I was runner 2 in van 1 so this review will be written from that perspective. This means I only saw half the course and will be relying on accounts from members of van 2 to fill in the blanks.
Registration and Checkin
The registration process for van 1 was at the starting line in Hull. The captain was asked to sign in and fill out an informational sheet that included a cell phone number so the team could be contacted in an emergency or if they need to be disciplined for a course violation.
The informational sheet was then brought to the safety gear check where a volunteer made sure the van had 6 reflective vests, 2 working headlamps, and 2 flashing colored lights to wear on a runners back. After the volunteer checked off our gear, we were sent into a 15 minute safety briefing. Here everything rule and safety related was explained along with how violations will be handled. Each team was given 3 “strikes” and then they will be disqualified. If a team violates a major rule like drinking on course they would be immediately disqualified and kicked off the course.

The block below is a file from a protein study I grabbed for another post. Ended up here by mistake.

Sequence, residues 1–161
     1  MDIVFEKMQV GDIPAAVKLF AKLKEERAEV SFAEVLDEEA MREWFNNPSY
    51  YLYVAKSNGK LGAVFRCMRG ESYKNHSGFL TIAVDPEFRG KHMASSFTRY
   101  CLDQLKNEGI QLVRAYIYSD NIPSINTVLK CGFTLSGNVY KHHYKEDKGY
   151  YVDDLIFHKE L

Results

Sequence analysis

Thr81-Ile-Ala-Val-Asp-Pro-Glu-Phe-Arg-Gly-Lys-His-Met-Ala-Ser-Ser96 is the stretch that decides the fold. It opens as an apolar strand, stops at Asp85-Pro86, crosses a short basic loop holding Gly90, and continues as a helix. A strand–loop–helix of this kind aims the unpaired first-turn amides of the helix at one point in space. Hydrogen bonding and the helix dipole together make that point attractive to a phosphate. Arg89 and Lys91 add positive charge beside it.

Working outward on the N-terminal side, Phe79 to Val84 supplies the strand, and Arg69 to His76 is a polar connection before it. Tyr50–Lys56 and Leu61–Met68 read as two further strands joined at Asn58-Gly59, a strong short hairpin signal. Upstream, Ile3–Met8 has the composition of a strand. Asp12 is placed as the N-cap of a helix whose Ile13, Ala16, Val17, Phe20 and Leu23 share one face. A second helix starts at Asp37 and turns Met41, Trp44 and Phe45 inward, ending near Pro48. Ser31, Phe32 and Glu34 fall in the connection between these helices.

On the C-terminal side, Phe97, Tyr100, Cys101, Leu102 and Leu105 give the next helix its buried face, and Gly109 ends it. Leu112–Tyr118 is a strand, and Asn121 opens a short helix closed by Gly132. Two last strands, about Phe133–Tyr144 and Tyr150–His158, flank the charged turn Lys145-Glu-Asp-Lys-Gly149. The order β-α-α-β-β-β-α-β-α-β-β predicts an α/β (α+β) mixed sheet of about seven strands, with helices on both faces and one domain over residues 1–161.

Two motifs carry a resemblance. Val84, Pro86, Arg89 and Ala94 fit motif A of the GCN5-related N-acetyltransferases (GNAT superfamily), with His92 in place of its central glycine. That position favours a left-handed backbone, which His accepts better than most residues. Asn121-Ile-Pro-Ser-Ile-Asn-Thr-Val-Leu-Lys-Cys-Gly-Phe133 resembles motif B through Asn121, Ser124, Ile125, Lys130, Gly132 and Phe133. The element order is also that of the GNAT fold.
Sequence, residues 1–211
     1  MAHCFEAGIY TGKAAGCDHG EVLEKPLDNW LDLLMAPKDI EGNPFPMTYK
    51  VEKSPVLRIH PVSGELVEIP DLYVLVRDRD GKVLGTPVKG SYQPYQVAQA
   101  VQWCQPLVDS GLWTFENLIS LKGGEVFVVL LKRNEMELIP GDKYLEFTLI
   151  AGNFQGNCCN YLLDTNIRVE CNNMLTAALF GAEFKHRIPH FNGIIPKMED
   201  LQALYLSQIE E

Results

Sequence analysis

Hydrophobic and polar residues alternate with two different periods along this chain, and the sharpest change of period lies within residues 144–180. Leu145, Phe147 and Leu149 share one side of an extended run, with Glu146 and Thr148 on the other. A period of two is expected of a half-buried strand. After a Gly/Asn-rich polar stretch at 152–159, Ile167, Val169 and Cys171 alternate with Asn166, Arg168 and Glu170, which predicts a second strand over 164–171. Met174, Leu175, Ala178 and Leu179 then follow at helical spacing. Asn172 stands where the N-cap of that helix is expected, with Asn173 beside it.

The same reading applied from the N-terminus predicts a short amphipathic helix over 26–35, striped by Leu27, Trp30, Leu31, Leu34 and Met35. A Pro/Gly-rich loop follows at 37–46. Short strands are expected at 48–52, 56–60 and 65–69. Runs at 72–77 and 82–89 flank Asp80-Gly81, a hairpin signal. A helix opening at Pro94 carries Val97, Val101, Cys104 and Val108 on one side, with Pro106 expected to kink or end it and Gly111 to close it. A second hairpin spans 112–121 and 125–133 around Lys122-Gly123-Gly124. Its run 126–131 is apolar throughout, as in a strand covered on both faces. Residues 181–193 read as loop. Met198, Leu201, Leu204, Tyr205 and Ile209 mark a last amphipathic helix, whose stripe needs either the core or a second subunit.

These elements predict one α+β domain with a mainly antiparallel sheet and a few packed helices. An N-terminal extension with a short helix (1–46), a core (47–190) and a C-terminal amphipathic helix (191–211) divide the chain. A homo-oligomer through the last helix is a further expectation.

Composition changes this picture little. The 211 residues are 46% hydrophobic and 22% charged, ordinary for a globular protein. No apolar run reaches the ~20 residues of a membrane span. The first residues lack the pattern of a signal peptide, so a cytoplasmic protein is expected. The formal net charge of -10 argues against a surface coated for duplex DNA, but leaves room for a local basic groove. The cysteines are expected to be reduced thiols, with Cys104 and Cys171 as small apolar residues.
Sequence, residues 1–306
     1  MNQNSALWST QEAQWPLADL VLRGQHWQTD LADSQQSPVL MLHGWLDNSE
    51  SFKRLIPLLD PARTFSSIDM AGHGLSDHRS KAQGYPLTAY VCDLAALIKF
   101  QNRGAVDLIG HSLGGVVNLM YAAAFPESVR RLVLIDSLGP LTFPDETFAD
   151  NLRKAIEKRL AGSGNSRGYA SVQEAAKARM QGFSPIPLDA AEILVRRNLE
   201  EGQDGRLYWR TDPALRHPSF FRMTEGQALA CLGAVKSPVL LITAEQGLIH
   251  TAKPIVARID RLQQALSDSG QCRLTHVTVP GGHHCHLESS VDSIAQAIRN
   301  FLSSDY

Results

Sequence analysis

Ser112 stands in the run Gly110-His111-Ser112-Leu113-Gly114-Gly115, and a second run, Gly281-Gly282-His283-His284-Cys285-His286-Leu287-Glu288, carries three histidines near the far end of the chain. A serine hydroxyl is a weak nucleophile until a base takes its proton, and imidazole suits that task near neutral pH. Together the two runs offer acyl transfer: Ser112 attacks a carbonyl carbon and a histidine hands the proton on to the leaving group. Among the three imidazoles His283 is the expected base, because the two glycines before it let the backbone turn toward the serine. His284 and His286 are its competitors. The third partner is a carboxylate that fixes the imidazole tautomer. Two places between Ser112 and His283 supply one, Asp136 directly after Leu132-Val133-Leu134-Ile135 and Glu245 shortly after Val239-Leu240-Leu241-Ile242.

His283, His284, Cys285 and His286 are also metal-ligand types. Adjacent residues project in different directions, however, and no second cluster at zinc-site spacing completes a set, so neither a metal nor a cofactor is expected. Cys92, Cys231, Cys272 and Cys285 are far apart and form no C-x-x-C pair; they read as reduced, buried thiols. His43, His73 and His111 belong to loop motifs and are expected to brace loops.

Once the safety talk was done we picked up our van number sticker, bibs, slap bracelet (the runners baton), swag bag, a copy of the Rag Mag (maps, rules, etc), and an optional case of bottled water. After collecting the goods we got our tech t-shirt and headed back to the van so runner 1 could take off.
For a very complicated check-in process it flowed very well and they managed to keep the confusion to a minimal level. Part of the reason this process went so smoothly was that Ragnar did a great job of communicating with the teams prior to the race. They sent out numerous emails and provided a “Race Bible” to explain all of the required items and what to expect on race day. Most teams that we saw were very prepared for the race. Our only complaint was picking up the shirts at the start gave us something else to not lose and find space for. It may have made more sense to give these out at the end.